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Coldwell Banker Bain, a leading provider of real estate brokerage services throughout the Pacific Northwest and a market leader in home sales in 2019,* releases its 2019 annual market report, which provides a variety of home-sales statistics for neighborhoods and counties in SW Washington and Oregon, as well as for the luxury and condo segments. This report reflects activity between January 1, 2019 and December 31, 2019.*
Principal and managing brokers in specific markets had the following observations:
Said Brian Houston, principal managing broker of Coldwell Banker Bain of Portland West, “In 2019 we experienced a cooling period for closed sales and listings. If you factor in fewer closings but add in sellers still putting their homes on the market, the net result is longer days on market and average sales price increases in the single digits. The national news has Oregon as the #2 move-in state in the nation. With interest rates at historical lows and the increase of people moving into the state, I see 2020 as a better year than 2019 in terms of closed sales and available inventory.”
Added David Sly, principal managing broker of Coldwell Banker Bain of Portland Uptown, “The overall Portland market is in a cooling phase. We are not seeing enough housing starts in the metro area to offset our current demand. This shortage will continue to keep our inventory tight and prices will continue to escalate, albeit at slower pace. Another factor showcasing a slowdown is the days on market, which have been inching upwards.”
Brandon Fairbanks, principal managing broker of Coldwell Banker Bain of Bend, said, “The spring buying season seems to have begun early this year, much different than in the beginning of 2019. Bend and Central Oregon experienced heavy snow fall in the first part of 2019, and coupled with interest rates about a point higher than today’s rates, that made for a slow start to the year. Once the snow thawed and interest rates lowered, Bend’s housing market heated up and continued to be hot throughout the remainder of the year.
Buyer demand remains very strong, with multiple offers on well-priced homes. Bend ranks in the top ten fastest-growing cities in America and, simply put, there are not enough homes to meet demand. Bend still remains very affordable compared to many of the areas from which our buyers are relocating. The average residential sales price in Bend in 2019 was approximately $560,000. The challenge we face in 2020 is inventory. Housing is being developed in Bend, but it may not be enough to meet demand. Inventory levels continue to be under three months of supply on average.
An interesting trend we have seen that has certainly affected the local real estate market is the ability to telecommute. Technology changes have allowed many people to live and raise their families in Bend and be employed elsewhere. This has brought higher-income residents into the area, making Bend much more affluent and, in our opinion, much less resistant to any recession which could have an effect on housing.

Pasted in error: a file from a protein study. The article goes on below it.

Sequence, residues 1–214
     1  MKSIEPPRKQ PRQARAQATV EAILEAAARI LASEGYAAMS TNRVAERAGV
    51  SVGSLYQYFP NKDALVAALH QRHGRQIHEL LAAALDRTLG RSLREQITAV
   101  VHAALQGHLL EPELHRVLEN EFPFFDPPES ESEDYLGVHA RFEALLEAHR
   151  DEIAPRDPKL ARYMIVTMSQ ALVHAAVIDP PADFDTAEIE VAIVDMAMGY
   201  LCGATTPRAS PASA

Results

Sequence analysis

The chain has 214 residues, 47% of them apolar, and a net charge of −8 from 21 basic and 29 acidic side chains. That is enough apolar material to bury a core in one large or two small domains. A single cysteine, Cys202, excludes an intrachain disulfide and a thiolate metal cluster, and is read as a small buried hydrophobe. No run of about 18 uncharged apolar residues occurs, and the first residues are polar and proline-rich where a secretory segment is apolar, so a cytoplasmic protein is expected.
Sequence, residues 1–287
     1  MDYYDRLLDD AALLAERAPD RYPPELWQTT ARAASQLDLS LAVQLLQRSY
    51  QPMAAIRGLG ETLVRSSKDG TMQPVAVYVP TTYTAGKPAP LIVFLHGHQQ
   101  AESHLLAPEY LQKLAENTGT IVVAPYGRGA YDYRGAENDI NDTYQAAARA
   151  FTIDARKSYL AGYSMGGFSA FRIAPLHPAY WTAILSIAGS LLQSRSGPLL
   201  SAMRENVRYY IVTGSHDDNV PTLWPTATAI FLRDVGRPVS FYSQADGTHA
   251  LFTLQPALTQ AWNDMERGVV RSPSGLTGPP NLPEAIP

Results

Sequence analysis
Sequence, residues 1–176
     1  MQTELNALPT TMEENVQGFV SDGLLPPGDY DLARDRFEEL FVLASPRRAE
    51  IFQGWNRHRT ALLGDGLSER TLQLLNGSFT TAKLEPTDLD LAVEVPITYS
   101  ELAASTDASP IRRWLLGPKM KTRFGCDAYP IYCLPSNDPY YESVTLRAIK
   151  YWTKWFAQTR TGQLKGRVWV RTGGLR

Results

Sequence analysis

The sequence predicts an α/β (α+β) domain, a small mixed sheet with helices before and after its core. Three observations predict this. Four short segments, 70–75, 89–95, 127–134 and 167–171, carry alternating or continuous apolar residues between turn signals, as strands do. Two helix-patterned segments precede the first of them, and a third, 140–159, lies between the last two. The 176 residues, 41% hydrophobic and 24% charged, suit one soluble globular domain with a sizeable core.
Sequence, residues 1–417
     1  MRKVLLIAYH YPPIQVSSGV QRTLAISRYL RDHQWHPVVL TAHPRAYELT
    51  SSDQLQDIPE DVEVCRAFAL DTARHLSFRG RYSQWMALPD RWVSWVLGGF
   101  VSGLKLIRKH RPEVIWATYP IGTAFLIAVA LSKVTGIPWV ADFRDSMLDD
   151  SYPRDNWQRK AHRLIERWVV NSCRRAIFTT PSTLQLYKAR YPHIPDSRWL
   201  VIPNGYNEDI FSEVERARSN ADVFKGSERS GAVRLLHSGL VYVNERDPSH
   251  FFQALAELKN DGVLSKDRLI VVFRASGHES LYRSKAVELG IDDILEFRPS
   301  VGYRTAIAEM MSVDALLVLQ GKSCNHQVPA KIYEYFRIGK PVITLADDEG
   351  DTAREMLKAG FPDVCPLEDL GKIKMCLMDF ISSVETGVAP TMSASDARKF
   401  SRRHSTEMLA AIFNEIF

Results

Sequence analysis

SW Washington/Vancouver/Clark County:
“The beginning of 2019 in Clark County saw a definite increase in new listings,” said David Knode, principal managing broker of Coldwell Banker Bain of Vancouver East. “Coupled with a reduction in the number of sales which bled over from 2018 and led to a significant increase of the months of inventory at the beginning of the year. The first six months of 2019 were filled with thoughts of the Fed increasing interest rates and overall lower consumer confidence. The market felt sluggish and there was a bit of unsureness as to where it was going. However, in June or July activity started to pick up as the fear of the Fed raising rates fizzled and rates actually dropped a few times. We started to see periodic multiple offers with 2019 ending with an almost exact number of new listings compared to 2018. However, there was a slight increase in pending sales, up 5.8 percent over 2018 and closed sales were up 2.6 percent over 2018. Where are we going in 2020? We expect there may be a bit more inventory available. New construction in Clark County has blossomed in a very large way, and preowned homeowners must price their homes correctly to compete with new construction. All of the economic indicators in Clark County are healthy and point toward a 3 percent-4 percent increase this year.”
Said Kevin Stonelake, principal managing broker of Coldwell Banker Bain of Longview, “As expected, 2019 ended up much like 2018 — although with a few more up and downs. When interest rates rose buying slowed, and when they came down buying activity increased, and we finished 2019 strong. Average sale price is approximately $275,000 and inched up between 3 percent and 5 percent in most price ranges; we expect the same for 2020. Interest rates are expected to stay low and steady, which may create more sales in Cowlitz County than last year. This is contingent on inventory staying at least the same or increasing over the same period of time. People continue to move from Oregon to Clark County, which has caused prices to go up in some areas there over the last few years, thus making Cowlitz County a very affordable option for many.”
*Information and statistics derived from the Regional Multiple Listing Service (RMLS) and the Multiple Listing Service of Central Oregon (MLSCO). Statistics not compiled or published by these Regional Multiple Listing Services.